Optical block A (FIG. 4) is used for fluorometry measurement from below. Like optical block B, optical block A has a supporting block made from black-anodized aluminum which is rigidly connected to the supporting block of optical block B. The coupling optic SO1 in turn has a distance of 18 mm to SO2 or from the upper measuring head and serves to couple and decouple the light guide 19. The coupling takes place in each case via a lens 22, 17, 20 (SQ 1) in order to focus the beam on the light guide entry area. The distance of 18 mm was chosen in order to have a uniform grid, as the grid spacing for microplates with 96 cavities is 9 mm and a better timing for all the various measurement methods is facilitated by uniform distances. The time slot pattern for many measurements is very important, e.g. fluorometry measured from above can be carried out with injection in the same time slot pattern (injection to measurement) as fluorometry measured from below. The geometric misalignment (18 mm) of the two optics for measurement from above and from below also prevents a reciprocal influencing of the optics. Aluminum surface mirrors 18, 21 serve to deflect the light beam by 90, whereby a very compact structure is achieved, which is needed in order to have injection positions in the immediate vicinity which are required for time-critical measurement methods.
  • [0022]
    Optical block C (FIG. 6) is used for photometry, glow luminescence, and flash luminescence. Optical block C also has a supporting block made from black-anodized aluminum rigidly connected to the supporting block of optical block B. The coupling of the light beam for photometry takes place exactly as in optical block A, via the lens 23 and the mirror 24 into the light guide 25.
  • [0023]
    In the case of luminescence measurement and photometry, as shown in FIG. 7, the light beam from the specimen 11 is forwarded via a quartz light guide rod 28 to keep the losses for luminometry as small as possible. From the output of the quartz light guide rod 28, the light beam either travels directly to the detector 15 or via a filter slide 13 to the detector 15. The filter slide 13 is provided for wavelength-specific luminescence measurements or photometer measurements.
  • [0024]
    The second light source 29 (FIG. 5) consists of a xenon flashlamp together with a trigger mechanism, a liquid light guide 30, which among other things serves to geometrically stabilize the flash, the light guide holder 33 made of black-anodized aluminum, and an uncoupling optic formed by a lens 31.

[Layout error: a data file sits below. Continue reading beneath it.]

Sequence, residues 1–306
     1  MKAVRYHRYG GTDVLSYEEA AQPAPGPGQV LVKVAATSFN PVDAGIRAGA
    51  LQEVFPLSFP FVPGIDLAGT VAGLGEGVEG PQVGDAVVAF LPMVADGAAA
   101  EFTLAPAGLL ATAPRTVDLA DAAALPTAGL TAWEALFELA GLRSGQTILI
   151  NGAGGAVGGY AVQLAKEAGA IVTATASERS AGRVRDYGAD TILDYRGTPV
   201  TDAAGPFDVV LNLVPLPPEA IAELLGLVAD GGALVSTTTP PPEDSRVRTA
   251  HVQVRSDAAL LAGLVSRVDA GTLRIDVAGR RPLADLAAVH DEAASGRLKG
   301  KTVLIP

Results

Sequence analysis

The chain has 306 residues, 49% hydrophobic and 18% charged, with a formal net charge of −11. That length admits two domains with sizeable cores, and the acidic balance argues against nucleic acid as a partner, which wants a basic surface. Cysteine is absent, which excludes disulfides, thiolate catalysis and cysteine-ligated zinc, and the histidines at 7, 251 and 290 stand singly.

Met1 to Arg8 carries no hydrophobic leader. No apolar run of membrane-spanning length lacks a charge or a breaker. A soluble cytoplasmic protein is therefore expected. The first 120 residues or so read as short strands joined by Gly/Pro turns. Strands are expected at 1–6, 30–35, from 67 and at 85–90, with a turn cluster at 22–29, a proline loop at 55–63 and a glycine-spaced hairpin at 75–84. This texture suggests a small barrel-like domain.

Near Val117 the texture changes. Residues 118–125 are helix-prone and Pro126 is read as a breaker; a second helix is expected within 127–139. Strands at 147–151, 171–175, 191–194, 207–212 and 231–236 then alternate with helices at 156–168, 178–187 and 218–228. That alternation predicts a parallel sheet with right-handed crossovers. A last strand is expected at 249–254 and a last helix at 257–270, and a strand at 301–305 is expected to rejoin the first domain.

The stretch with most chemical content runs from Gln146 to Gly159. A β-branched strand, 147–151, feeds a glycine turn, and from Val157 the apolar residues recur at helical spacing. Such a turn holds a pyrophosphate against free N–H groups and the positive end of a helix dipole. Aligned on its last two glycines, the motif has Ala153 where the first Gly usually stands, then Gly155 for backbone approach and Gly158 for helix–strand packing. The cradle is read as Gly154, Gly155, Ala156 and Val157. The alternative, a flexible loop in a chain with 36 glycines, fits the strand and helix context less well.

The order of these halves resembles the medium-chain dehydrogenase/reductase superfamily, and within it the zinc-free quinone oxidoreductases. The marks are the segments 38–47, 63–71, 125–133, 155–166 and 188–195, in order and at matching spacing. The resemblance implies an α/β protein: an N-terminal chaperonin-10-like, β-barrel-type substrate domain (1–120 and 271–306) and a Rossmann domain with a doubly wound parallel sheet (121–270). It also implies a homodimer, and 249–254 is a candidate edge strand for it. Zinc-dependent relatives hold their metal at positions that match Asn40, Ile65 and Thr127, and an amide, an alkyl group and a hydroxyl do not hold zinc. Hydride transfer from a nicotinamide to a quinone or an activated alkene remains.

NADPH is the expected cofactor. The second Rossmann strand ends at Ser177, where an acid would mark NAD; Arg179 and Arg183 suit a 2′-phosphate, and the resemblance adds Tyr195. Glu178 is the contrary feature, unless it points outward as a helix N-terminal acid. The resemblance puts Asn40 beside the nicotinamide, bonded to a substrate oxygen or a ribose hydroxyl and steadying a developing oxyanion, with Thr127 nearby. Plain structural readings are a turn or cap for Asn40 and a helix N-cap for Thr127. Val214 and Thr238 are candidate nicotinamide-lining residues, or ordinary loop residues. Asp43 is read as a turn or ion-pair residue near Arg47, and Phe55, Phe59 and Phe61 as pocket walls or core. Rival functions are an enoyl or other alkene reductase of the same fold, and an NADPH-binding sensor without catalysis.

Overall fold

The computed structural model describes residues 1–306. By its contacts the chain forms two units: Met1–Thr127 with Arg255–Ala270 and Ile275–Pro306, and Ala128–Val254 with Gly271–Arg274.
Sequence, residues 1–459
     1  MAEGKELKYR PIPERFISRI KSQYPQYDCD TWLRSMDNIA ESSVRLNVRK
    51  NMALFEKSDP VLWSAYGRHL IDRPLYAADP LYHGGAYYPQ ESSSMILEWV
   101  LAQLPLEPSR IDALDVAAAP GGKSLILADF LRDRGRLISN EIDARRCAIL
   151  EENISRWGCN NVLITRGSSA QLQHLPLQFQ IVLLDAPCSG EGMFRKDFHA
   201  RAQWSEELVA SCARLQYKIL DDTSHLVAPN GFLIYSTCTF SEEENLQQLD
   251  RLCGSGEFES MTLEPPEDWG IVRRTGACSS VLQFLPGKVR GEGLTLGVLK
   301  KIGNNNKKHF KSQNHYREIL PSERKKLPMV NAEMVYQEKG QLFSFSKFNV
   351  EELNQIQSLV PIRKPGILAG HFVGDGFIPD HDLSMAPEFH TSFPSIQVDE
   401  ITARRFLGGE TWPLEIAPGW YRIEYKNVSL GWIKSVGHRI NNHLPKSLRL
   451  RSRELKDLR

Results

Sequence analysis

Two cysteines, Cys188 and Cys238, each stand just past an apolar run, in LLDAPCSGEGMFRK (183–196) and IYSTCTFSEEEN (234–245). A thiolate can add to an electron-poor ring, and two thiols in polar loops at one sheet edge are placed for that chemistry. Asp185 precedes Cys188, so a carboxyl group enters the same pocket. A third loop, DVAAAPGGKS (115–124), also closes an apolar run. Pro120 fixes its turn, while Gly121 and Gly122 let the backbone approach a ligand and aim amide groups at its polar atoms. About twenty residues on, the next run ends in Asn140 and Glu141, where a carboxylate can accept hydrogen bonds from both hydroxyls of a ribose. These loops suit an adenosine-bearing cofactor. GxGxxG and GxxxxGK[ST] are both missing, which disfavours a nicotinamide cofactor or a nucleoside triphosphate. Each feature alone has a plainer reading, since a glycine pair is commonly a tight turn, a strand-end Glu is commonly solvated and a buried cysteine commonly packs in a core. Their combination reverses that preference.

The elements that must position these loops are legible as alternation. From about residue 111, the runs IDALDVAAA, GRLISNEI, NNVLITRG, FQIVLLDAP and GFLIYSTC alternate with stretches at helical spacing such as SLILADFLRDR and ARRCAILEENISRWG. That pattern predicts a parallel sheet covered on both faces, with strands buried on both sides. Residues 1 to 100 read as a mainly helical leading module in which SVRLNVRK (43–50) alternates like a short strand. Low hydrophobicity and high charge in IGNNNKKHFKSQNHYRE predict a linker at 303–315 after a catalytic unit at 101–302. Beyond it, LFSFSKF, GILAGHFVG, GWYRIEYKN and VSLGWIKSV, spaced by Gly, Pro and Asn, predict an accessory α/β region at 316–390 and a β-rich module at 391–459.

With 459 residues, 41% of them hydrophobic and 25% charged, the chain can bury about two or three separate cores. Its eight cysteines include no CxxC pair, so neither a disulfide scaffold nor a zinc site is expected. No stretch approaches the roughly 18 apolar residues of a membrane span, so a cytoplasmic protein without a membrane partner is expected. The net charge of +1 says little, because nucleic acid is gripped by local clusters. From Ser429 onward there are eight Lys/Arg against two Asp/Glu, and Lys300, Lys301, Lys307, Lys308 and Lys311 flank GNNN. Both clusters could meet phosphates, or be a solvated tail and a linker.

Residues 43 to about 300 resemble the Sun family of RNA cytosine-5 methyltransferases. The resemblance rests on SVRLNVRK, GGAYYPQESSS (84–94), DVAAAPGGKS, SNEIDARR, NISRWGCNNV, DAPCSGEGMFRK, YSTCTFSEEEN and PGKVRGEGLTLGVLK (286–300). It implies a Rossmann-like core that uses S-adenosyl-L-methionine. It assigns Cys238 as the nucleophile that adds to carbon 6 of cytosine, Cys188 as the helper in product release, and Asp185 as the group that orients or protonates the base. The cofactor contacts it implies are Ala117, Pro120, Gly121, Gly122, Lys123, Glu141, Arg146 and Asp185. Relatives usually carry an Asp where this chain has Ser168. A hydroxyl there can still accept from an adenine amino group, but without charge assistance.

• [0025]
    The light sources 1, 29, i.e. the halogen lamp and the xenon flashlamp, are each positioned according to the measurement method. The distance between the two uncoupling optics of the light source 1 and the light guide holder 33 is 18 mm. The positioning of the light source 1 and the light guide holder 33 is carried out by means of a stepping motor. A guide made of black-anodized aluminum with a 9 mm (10 mm) optic opening is provided for the separation between the light source 1 and the light guide holder 33, and the filters.
  • [0026]
    The EM filters (fluorometry emission filters) for time resolved fluorometry and flash luminescence, the polarization filters 5, and the photometer filters can be installed in the first filter slide 6. The first filter slide 6 is easily removable and the filters can easily be refitted (filter sizes approx. 12.7 mm). The first filter slide 6 is driven by a stepping motor. The filters are arranged in a grid spacing of 18 mm.
  • [0027]
    Additionally, the EM filters for time resolved fluorometry and flash luminescence, the photometer filters and the luminescence filters can be installed in the second filter side 13. Like the first filter slide 6, the second filter slide 13 is easily removable, in order that the filters can be easily refitted. The filter size is again approx. 12.7 mm. The second filter slide 13 is driven by a stepping motor and the individual filters are arranged in a grid spacing of 18 mm. The first and second filter slides 6, 13 are mechanically coded to prevent confusion.
  • [0028]
    The detector 15 is a high-speed front-window photon multiplier for counting modules (high-speed front-window counter) photomultiplier with optional Peltier cooling for higher sensitivity even in the red range of the spectrum. The cooling reduces the thermal-agitation noise of red-sensitive photomultipliers. A pre-amplifier counter, with approx. 500 MHz bandwidth, which can synchronize the flashlamp directly with the counter, is used as a receiver circuit. A photon multiplier which exploits the principle of the channel electron multiplier (CEM) (channel photomultiplier) can also optionally be used.
  • [0029]
    An iris diaphragm 10 is continuously adjustable (typically 0.6 mm to 7 mm) by a motor. Various specimen sizes can therefore be measured without neighboring channel influence. A geometric scanning of the specimens is also possible (pattern recognition) as the specimen supporting transport has a step resolution of 0.1 mm in full step or correspondingly smaller in micro step operation as well as in the X and the Y direction.